Letters

LETTERS

November 02, 2008

HSA test requirement upholds diploma's value

Kudos to state schools Superintendent Nancy S. Grasmick, the Maryland State Board of Education and Baltimore schools CEO Andres Alonso for standing firm on requiring students to pass the High School Assessment tests to graduate from Maryland high schools ("Md. firm on tests," Oct. 29).

Tenth-grade-level proficiency is the standard for these tests, so every student who graduates from high school should be required to pass them.

If you cannot read at the 10th-grade level upon graduation, you will not be able to compete in the job market.

Indeed, a high school diploma is not sufficient as a requirement for many jobs today. So high school graduates should aspire to higher education at a community college, trade school or four-year college to prepare for this ever-changing world.

Watering down the high school diploma would only create more social and economic problems.

Lola J. Massey, Owings Mills

The writer is a retired Maryland schoolteacher.

Ordinary citizens still wait for help

As the Bush administration continues deliberating on yet another multibillion-dollar bailout for big businesses ("White House explores aid for GM, Chrysler," Oct. 28), the American people cannot catch a break.

It is obvious that the citizens of this country are the last thing on the government's mind.

Honestly, should we really be focusing our attention and resources on more vehicle production when people are being forced out of their homes by foreclosure and aren't able to send their children to college because of the failing economy?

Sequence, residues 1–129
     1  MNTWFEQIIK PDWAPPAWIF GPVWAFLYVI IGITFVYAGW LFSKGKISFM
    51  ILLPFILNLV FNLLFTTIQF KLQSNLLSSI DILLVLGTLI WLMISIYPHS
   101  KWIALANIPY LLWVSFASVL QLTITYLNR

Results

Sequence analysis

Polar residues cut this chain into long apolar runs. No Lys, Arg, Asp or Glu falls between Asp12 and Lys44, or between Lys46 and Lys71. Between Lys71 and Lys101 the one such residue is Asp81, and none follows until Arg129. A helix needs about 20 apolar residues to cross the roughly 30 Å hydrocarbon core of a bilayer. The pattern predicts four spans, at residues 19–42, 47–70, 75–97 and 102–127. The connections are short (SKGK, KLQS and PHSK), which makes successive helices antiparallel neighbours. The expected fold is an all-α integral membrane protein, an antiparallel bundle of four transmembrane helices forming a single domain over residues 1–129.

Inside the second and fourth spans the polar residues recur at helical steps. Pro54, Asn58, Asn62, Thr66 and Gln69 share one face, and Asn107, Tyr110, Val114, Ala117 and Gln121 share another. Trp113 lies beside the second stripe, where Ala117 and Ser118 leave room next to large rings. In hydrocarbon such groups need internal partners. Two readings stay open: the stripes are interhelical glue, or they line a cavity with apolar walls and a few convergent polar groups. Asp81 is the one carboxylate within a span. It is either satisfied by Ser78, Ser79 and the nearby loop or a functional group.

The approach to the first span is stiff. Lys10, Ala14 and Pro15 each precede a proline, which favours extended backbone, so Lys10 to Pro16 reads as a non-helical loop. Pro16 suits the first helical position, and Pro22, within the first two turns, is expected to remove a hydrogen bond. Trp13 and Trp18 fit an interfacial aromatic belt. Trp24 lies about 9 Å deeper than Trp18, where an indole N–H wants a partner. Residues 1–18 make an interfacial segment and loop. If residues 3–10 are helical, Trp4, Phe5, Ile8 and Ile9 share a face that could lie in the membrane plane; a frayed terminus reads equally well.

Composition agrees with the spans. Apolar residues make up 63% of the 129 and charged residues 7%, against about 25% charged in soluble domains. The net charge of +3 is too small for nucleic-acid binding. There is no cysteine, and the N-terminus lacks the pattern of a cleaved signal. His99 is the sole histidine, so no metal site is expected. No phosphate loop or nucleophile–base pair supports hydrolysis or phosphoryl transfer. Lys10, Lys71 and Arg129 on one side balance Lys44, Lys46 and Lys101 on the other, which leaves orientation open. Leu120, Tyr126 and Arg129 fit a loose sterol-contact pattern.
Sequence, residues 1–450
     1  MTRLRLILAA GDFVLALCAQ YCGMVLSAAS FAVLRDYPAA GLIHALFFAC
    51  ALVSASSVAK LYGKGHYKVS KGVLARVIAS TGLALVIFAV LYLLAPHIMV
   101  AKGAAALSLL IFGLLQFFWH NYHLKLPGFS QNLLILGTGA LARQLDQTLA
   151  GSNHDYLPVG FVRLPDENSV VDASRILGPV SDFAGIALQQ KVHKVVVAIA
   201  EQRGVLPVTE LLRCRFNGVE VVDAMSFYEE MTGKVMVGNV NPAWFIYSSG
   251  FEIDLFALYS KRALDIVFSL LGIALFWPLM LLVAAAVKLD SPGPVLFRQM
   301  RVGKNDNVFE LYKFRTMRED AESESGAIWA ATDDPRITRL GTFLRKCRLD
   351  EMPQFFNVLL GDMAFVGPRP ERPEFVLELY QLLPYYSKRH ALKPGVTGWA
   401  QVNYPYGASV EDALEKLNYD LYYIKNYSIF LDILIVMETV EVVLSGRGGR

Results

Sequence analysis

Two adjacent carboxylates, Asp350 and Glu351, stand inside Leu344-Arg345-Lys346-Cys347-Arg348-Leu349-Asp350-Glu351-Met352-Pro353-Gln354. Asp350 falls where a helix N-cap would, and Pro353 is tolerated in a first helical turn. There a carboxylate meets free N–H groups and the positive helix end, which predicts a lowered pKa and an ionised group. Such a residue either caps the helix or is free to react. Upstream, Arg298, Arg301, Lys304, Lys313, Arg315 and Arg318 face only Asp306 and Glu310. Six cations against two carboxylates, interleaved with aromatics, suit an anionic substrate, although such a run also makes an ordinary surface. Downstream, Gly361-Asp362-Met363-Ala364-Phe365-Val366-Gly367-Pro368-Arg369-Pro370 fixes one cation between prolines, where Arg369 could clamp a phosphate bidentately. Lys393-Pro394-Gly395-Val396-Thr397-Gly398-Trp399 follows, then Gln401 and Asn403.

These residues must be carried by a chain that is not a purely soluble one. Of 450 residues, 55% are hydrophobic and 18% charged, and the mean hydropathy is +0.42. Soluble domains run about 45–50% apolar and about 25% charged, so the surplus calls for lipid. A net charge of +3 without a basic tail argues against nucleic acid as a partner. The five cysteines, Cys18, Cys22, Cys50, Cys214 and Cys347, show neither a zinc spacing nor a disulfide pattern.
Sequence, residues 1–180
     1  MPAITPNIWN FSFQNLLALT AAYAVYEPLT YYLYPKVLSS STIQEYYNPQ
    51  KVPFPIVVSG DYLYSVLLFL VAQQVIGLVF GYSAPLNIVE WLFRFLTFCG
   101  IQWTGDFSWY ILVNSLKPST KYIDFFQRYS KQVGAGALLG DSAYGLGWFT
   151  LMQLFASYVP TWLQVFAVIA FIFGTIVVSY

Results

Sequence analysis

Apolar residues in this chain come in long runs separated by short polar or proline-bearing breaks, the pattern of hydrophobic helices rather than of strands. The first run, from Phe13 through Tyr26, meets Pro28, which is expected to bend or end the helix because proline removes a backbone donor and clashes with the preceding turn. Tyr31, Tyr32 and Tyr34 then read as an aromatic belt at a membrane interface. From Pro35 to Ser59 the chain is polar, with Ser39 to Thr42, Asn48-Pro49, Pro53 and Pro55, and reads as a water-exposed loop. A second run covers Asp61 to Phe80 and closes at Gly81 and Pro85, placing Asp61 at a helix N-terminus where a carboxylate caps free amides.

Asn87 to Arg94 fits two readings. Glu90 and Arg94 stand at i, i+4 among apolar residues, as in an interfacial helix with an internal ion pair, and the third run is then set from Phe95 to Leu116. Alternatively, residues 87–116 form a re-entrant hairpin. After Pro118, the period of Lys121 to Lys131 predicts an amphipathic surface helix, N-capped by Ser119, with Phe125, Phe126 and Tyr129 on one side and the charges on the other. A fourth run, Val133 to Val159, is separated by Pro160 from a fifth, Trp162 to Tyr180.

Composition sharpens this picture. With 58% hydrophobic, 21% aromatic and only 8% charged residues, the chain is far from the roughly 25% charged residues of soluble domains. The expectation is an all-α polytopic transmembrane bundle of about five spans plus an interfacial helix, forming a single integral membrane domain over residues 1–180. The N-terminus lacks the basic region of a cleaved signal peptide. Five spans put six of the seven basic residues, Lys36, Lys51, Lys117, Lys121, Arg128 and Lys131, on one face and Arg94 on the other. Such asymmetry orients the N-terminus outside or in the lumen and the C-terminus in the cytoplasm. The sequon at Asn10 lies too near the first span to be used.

It appears that once again, the government's priorities are completely out of line.

Najja Howard, Alexandria, Va.

Accountability lacking in police spy scandal

In the article "Troopers' spy effort was wider" (Oct. 24), we learned that a new segment of our society was spied on - environmental activists.

This group was not mentioned previously in accounts of the scandal, and was not part of the review of the spying program performed by former Attorney General Stephen H. Sachs.

It makes you wonder what else the Maryland State Police have failed to tell us.

As in the case of the way our rights have been trampled by the federal government in recent years, more and more abuse comes to light as we pay increasing attention to the issue.

We can thank the American Civil Liberties Union for its pursuit of this surveillance.

Our state legislators are considering the idea of passing new legislation to prevent the state police from spying on peaceful activists.

But we are supposed to be living in a free society.

What is wrong with our society if our legislators think that the only way that we can prevent this kind of abuse in the future is to pass some new law?

I am sure that if the perpetrators of the inappropriate (if not illegal) spying were held accountable, there would be no need for any new laws.

Our tax money paid for this abuse of our rights as citizens, and so far no one has been held accountable.

It is time for Gov. Martin O'Malley to get ahead of this train wreck and provide some much-needed accountability and openness.

Dale Smythe, Bel Air

Just say no to exit polls

Although perhaps tongue-in-cheek, Kevin Cowherd has highlighted a problem that seems to have become almost universal in American elections ("Hey, undecided voters: Time to decide already," Oct. 27).

Despite the fact that we cherish our secret ballot, some folks think they have the right to demand that we tell them how we will vote or have voted.

I might discuss politics with selected individuals, and I might even tell some of them what happened in the voting booth.

But anyone who thinks that he or she has the right to demand that information is going to be disappointed.

I've always hoped that an exit poller would try to stop me outside the polling place so that we could spend some quality time discussing the issue.

Martin Caskey, Millers Island

Baltimore Sun Articles
|
|
|
Please note the green-lined linked article text has been applied commercially without any involvement from our newsroom editors, reporters or any other editorial staff.